When I filed my major three-part report, Chile North to South in 2010, much of my focus was on Chile’s newer regions that could offer conditions suitable for growing Syrah, Sauvignon Blanc, Pinot Noir, Chardonnay, Riesling and other varieties that arguably find their ultimate expression in cooler climates. In Chile’s case this means areas at higher altitudes towards the foothills of the Andes, and it means new areas like Elqui and Limari to the north and Bio Bio to the south of the established central valleys. But most importantly of all perhaps, it means areas closer to Chile’s long Pacific coast, influenced by the cool waters fed from the Antarctic by the Humboldt current. Recently, Chilean producer Santa Rita brought a series of excellent tasting events to London for the wine press and trade that explored various themes, including Chile’s coolest coastal terroirs, from Huasco in the Atacama desert to the north, to Trehuaco towards Chile’s lush lake district in the south. Generously, each tasting included not only wines from their own estates, but examples of the country’s top wines from other producers.
Why is cool climate important, and is proximity to the sea an added advantage? Well, the varieties explored here can be classified as ‘aromatic’. Retaining acidity is one benefit of cooler growing conditions, where grapes ripen slowly so that phenolic ripeness (when pips and stems are fully ripe) develops before sugar is too high and acidity drops off. This freshness helps retain complex aromatics and flavours which are not dulled by over ripeness or excessive alcohol. Proximity to the sea often brings with it cool breezes, mist and fog, and it moderates the shifts between day and night temperatures.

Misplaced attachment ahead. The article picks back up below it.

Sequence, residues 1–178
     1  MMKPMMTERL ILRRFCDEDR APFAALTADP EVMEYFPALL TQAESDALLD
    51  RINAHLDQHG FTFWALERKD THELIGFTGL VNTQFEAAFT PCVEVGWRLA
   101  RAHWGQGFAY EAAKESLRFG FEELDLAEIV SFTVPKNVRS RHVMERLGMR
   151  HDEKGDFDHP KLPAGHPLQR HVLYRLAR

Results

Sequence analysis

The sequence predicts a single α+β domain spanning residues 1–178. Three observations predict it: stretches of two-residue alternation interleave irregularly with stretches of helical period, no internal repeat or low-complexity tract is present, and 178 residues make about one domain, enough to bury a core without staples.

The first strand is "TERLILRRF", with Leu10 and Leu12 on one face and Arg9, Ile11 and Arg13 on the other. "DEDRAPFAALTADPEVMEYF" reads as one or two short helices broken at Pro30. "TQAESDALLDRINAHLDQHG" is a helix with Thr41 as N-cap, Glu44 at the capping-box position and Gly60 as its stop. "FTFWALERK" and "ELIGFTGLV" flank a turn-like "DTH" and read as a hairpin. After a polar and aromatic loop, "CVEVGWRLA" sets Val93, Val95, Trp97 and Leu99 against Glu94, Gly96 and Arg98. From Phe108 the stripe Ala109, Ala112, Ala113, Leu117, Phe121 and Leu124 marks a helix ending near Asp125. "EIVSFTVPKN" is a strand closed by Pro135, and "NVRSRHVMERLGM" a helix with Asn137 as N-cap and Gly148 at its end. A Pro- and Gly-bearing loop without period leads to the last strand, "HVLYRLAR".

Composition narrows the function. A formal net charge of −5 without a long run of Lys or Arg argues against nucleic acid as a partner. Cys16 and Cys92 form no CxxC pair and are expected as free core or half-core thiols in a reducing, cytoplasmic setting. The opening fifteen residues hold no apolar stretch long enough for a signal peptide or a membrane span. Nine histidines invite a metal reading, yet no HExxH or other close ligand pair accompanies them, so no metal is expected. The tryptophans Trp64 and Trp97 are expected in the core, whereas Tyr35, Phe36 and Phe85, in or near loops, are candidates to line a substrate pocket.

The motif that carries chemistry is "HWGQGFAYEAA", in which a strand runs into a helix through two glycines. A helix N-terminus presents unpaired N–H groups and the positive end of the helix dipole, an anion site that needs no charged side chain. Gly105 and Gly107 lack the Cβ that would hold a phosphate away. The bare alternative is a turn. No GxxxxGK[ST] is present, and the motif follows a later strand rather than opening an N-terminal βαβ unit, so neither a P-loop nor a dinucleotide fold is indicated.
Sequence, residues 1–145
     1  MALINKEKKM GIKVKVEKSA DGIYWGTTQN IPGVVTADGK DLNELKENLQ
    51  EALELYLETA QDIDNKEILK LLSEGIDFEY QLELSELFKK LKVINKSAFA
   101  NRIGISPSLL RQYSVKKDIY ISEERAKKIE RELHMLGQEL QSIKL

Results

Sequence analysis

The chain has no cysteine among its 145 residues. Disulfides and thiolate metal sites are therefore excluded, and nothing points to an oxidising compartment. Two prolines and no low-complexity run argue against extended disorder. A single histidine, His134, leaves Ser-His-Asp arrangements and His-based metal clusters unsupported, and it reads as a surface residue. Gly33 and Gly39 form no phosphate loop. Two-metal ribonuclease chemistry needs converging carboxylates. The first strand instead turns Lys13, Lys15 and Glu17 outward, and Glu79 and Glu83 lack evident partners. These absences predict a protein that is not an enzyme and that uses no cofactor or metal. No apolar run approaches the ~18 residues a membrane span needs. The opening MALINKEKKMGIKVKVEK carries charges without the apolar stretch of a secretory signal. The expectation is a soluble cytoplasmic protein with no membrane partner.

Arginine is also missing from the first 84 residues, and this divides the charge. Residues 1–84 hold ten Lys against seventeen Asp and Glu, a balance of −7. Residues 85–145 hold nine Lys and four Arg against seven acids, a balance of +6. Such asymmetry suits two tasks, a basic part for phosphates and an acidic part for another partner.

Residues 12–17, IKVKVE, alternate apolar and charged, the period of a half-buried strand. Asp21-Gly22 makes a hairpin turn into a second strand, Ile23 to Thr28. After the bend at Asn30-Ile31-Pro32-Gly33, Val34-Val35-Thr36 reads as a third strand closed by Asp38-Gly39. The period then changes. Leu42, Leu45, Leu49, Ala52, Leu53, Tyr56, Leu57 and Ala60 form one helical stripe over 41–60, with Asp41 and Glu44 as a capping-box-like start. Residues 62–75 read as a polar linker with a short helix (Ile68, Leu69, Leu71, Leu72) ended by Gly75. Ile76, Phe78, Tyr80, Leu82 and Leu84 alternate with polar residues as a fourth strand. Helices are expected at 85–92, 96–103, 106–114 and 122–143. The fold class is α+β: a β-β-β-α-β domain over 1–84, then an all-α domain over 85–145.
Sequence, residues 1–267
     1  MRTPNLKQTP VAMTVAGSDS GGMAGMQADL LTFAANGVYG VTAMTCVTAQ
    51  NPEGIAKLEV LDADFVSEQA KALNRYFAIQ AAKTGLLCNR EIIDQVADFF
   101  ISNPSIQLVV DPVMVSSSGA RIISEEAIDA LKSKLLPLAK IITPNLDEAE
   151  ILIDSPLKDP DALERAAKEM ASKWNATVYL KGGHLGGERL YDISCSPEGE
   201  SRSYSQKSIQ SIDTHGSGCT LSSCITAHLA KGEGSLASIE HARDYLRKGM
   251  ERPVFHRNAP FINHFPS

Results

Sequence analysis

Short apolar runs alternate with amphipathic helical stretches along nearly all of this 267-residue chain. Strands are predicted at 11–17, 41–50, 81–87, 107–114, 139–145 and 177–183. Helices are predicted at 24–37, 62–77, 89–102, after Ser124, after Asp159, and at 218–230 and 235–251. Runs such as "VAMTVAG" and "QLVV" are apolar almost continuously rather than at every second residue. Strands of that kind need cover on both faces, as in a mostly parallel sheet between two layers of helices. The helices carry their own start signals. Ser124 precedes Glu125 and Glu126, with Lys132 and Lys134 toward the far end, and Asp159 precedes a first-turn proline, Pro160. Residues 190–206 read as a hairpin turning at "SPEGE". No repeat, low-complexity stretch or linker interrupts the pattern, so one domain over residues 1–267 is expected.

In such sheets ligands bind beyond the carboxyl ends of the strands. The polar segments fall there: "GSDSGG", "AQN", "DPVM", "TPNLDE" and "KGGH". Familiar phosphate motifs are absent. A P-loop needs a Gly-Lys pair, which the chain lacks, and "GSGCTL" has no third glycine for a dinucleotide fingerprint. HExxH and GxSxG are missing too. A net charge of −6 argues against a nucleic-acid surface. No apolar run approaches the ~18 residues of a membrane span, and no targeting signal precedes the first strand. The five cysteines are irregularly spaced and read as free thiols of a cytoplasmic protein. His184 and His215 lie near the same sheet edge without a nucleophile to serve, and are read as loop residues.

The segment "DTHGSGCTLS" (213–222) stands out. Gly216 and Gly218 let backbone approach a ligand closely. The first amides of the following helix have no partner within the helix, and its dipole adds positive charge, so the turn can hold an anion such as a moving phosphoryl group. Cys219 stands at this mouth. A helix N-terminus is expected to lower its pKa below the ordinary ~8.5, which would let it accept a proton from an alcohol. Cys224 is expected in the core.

One of the most crucial measures of a territory’s growing season is ‘Growing Degree Days’ or GDD. The growth cycle of the vine depends on temperatures above 10ºC (the vine does not grow and grapes do not ripen below this temperature). GDD is a measure of the accumulated heat above 10ºC that a vineyard region enjoys in a season. The equation used is: If the thermometer hits a maximum of 30ºC and minimum of 15ºC, the formula look like this: This figure is multiplied by the number of days in the growing season to give the GDD total. So if the season lasts 100 days, the GDD for that territory is 1250. Note that for vine growers assessing GDD, temperatures above 30ºC are not counted, and the maximum is capped at 30ºC because vines ‘close down’ and fruit does not ripen above this. A chart of Chilean coastal territories shown by viticulturalist Sebastian Labbé was fascinating. It showed, for example, that Lo Abarca, just four kilometres from the coast, accumulates only 1000 degree days per growing season, whereas Casablanca, 30 kilometres from the coast, can claim 1380. Lo Abarca is truly ‘cool climate’, whilst Casablanca might be better described as moderate. By comparison Burgundy accumulates 1172 degree days, Bordeaux 1485. Another important factor is the diurnal range of temperature in any territory (the difference between day and night temperatures). Because fruit is not ripening below 10ºC or above 30ºC, vines in an area like Lo Abarca – with only 11ºC diurnal range – develop differently from those in Casablanca which sees a 16.5ºC diurnal range. Whilst Lo Abarca is cooler in absolute terms, it will see fewer peaks and troughs where growth is retarded.